Relapse Prevention -

Blog Post created by Giulia Champion on Apr 27, 2011


Please add your own as you have discovered it during your quitting process.

I don’t know if I ever had a quit kit, actually.  But I think it would be a good idea to have one.  What that kit consists of is entirely personal.  What motives me to stay free and keeps me free  may not mean a thing to you.  So lets share what works for us and why.

My Quit Kit

First days/weeks/month:

Water bottle with a nipple (like a sport bottle).  I’d fill that thing with water and suck on it all day long.  The need to suck is primal and if you’ve continued that mode by smoking for X number of years, weaning off is a gradual process. 

Taking long deep, slow breaths.  Take as long a breath as you can through your nose, hold it for as long as you feel comfortable, then exhale slowly through your mouth.  Between sucking up water and sucking up air I didn’t know whether I’d sink or float.

Straws.  I’d cut them to cigarette length and wad up a little piece of paper and stuff it in until it created the same kind of draw as a cigarette.  I sucked on so many of those things I went into straw withdrawal when I tried to go off of THEM.  LOL. 

Positive notes to myself stuck everywhere around my home.  “You CAN!”  “You’re DOING IT!”  “Don’t give up.”  “You wimp - get over it!”  For me the last one was the most potent.

Supporting others: I found this incredibly helpful.  The more I supported other people, even early in my quit before I had a lot to offer, it reinforced my own mindset.  The trick is to heed your own words.

Keeping a sense of humor.  Making fun of the misery of withdrawal helped me deal with it and bear it.

Reinforcement.  Especially of “smoking is NOT an option.”  NOPE came after that for me.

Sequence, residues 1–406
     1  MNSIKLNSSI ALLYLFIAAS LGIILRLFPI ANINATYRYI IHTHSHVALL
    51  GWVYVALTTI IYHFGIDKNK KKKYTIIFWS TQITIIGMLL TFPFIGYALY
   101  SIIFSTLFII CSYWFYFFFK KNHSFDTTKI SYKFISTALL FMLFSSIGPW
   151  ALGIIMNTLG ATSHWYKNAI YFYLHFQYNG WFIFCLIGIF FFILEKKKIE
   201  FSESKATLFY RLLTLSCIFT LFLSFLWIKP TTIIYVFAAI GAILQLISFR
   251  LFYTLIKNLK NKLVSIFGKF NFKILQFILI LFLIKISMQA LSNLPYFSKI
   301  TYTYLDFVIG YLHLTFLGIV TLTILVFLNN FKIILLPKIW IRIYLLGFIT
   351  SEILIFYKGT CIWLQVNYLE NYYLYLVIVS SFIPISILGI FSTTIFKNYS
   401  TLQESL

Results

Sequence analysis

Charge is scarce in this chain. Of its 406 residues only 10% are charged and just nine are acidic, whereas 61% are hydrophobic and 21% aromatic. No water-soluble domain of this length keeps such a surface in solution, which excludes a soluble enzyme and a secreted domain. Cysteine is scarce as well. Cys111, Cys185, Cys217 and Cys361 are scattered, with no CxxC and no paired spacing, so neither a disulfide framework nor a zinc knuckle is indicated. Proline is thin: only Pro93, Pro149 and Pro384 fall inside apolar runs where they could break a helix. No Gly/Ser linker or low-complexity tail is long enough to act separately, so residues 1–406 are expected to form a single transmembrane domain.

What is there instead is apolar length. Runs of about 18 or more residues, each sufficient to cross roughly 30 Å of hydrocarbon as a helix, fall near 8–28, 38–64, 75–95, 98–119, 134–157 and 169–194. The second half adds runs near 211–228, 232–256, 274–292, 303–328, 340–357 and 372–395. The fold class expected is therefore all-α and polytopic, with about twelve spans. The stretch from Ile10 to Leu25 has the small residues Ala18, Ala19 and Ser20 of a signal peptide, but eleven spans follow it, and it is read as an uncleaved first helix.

Using the energy of the cravings in a creative way.  Craving energy is phenomenal.  It is all consuming in the beginning.  We are filled with anger and wanting and desire to overcome and it’s HUGE.  We’re consumed with all these conflicting emotions at once.  And if you can harness even a part of that energy in constructive ways - it’s so enlivening.  That’s why I suggest doing ANYTHING new, anything you’ve never done before that you may have contemplated at any time in your life.  It will occupy your mind, take it off the cravings, and you may even discover talents you knew not of. 

For the long term quitter: come to a support site and blog if you get a craving.  Express it.  Use the site to help you remember where you came from and why you don’t want to go back there.  Keep in touch with those who are in the early stages of withdrawal.  It will remind you, in case you forget.  And they need your wisdom.  On the other hand, don’t remain too close if it keeps you thinking about cigarettes.  Know when giving support helps you and when it hurts you.  Sometimes we need our distance.  I didn’t recognize that until several years after I quit.  There are times to be active and times when refraining may be better for us.

Warning Signals.  Attune yourself to them.  Any time you start thinking about the possibility of smoking - that’s a warning bell.  At any stage of your quit.  Any time any excuse pops into your head - that’s a warning bell.  Heed the bells at all times. 

What does Your Quit Kit consist of?